La Palma volcano: Lava flow flattens more homes on Spanish island

·1-min read
The Cumbre Vieja volcano began erupting on 19 September, since destroying nearly 1,150 buildings.  (EPA)
The Cumbre Vieja volcano began erupting on 19 September, since destroying nearly 1,150 buildings. (EPA)

Buildings near the volcano on La Palma were submerged in cascading lava early on Saturday lightningonamongst a striking display of lightening bolts over the Spanish island.

The magma destroyed at least four buildings in the village of Callejon de la Gata, according to reports from Reuters.

“During the early morning new flows have caused more destruction of properties. Helplessness and pain in the face of so much damage,” tweeted Anselmo Pestana, the Spanish government representative in the Canary Islands.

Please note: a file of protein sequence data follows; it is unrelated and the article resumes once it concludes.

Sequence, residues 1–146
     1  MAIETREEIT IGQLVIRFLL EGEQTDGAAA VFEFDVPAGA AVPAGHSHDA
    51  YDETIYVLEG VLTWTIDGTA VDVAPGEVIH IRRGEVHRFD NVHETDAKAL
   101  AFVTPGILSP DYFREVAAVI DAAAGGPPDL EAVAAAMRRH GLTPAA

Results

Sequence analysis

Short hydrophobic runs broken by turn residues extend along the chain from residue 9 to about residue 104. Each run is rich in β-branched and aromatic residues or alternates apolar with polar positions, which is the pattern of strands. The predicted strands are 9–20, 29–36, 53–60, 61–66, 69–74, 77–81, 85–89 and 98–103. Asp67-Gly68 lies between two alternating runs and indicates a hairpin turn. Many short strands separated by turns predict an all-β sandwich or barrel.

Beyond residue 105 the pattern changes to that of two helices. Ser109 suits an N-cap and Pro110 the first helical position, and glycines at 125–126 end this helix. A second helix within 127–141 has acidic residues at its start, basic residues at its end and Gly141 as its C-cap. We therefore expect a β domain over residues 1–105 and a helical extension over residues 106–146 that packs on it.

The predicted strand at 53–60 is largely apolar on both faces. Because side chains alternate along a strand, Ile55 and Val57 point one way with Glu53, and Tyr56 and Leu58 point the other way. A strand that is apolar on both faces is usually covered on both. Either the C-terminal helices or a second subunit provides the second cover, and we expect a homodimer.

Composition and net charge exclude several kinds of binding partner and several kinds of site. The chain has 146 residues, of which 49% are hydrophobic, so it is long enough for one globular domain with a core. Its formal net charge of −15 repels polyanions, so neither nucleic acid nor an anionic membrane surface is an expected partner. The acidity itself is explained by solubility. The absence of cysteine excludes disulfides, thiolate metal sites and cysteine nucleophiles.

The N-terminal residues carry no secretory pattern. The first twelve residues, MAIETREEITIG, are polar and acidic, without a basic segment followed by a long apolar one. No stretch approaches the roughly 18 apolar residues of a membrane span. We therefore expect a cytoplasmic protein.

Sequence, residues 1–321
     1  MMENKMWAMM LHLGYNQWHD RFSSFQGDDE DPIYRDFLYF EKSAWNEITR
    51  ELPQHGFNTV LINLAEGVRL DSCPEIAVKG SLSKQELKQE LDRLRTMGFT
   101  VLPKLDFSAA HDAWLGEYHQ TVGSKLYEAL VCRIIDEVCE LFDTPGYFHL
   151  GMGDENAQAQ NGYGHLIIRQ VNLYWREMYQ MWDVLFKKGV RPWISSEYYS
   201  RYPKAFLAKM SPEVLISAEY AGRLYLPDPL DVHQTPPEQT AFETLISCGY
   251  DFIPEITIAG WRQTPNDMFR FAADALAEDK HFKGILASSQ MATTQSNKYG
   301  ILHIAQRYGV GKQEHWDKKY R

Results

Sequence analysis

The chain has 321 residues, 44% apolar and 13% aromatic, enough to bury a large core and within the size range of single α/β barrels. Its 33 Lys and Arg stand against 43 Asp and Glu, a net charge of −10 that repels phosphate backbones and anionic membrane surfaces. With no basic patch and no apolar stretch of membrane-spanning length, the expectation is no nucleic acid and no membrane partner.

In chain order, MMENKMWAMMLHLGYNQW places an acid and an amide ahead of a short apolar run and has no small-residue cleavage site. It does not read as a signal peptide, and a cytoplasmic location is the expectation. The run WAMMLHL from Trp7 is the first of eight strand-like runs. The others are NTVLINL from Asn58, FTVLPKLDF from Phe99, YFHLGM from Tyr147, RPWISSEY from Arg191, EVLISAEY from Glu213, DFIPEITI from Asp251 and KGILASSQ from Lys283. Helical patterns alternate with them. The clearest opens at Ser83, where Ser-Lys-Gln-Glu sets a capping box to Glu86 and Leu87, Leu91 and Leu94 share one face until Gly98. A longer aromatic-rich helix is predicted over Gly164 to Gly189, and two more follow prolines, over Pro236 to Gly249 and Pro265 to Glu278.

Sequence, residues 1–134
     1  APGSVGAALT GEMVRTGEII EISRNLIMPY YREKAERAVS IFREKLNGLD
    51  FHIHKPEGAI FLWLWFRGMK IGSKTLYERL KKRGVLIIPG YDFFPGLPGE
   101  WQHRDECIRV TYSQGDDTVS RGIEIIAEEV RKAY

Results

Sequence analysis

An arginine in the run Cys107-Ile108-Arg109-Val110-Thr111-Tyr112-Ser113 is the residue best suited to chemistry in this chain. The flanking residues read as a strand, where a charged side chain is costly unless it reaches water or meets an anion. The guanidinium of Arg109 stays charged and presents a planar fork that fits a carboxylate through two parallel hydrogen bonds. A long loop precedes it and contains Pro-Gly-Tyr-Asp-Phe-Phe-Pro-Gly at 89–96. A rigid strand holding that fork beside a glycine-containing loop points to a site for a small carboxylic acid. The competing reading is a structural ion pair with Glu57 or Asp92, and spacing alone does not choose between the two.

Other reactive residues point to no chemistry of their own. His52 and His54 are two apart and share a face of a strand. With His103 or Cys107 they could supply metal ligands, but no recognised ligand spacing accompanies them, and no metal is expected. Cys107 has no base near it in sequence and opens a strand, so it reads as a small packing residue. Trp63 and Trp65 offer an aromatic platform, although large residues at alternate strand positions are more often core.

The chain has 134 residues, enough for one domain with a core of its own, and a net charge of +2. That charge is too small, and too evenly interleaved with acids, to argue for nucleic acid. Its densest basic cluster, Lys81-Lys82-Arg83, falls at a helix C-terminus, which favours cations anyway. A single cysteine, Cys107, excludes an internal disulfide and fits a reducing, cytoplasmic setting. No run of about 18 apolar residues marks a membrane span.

There was also a series of 37 seismic movements on Saturday, with the largest measuring 4.1, according to the Spanish National Geological Institute.

However, La Palma’s airport reopened on Saturday after being closed since Thursday because of ash, Spanish air traffic operator Aena said. All other Canary Islands airports are open.

Since the Cumbre Vieja volcano began erupting on 19 September, it has destroyed nearly 1,150 buildings and engulfed 480 hectares (1,190 acres) of land, the European Commission Copernicus Emergency Management Service tweeted on Saturday.

About 6,000 people have been evacuated from their homes on La Palma, which has about 83,000 inhabitants.

Lightning flashes were seen near the eruption early on Saturday. A study published in 2016 by the journal Geophysical Research Letters found lightning can be produced during volcanic eruptions as the collision of ash particles creates an electrical charge.

Airlines flying to the Canary Islands were advised to load extra fuel in case planes had to change course or delay landing because of ash, said a spokesman for Enaire, which controls the navigation in Spanish airspace.

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